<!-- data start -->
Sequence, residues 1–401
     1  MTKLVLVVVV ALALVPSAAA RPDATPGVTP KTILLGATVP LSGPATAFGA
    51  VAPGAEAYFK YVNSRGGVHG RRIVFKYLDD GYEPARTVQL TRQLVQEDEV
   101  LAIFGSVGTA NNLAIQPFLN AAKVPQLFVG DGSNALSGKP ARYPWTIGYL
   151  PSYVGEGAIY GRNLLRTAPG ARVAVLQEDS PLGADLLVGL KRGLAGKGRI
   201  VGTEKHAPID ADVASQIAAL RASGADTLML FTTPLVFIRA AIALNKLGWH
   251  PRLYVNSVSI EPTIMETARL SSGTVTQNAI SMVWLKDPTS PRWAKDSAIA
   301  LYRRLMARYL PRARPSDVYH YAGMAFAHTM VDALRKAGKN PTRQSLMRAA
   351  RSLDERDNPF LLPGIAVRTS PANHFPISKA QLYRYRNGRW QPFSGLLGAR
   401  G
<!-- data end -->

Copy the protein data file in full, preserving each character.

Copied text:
Sequence, residues 1–401
     1  MTKLVLVVVV ALALVPSAAA RPDATPGVTP KTILLGATVP LSGPATAFGA
    51  VAPGAEAYFK YVNSRGGVHG RRIVFKYLDD GYEPARTVQL TRQLVQEDEV
   101  LAIFGSVGTA NNLAIQPFLN AAKVPQLFVG DGSNALSGKP ARYPWTIGYL
   151  PSYVGEGAIY GRNLLRTAPG ARVAVLQEDS PLGADLLVGL KRGLAGKGRI
   201  VGTEKHAPID ADVASQIAAL RASGADTLML FTTPLVFIRA AIALNKLGWH
   251  PRLYVNSVSI EPTIMETARL SSGTVTQNAI SMVWLKDPTS PRWAKDSAIA
   301  LYRRLMARYL PRARPSDVYH YAGMAFAHTM VDALRKAGKN PTRQSLMRAA
   351  RSLDERDNPF LLPGIAVRTS PANHFPISKA QLYRYRNGRW QPFSGLLGAR
   401  G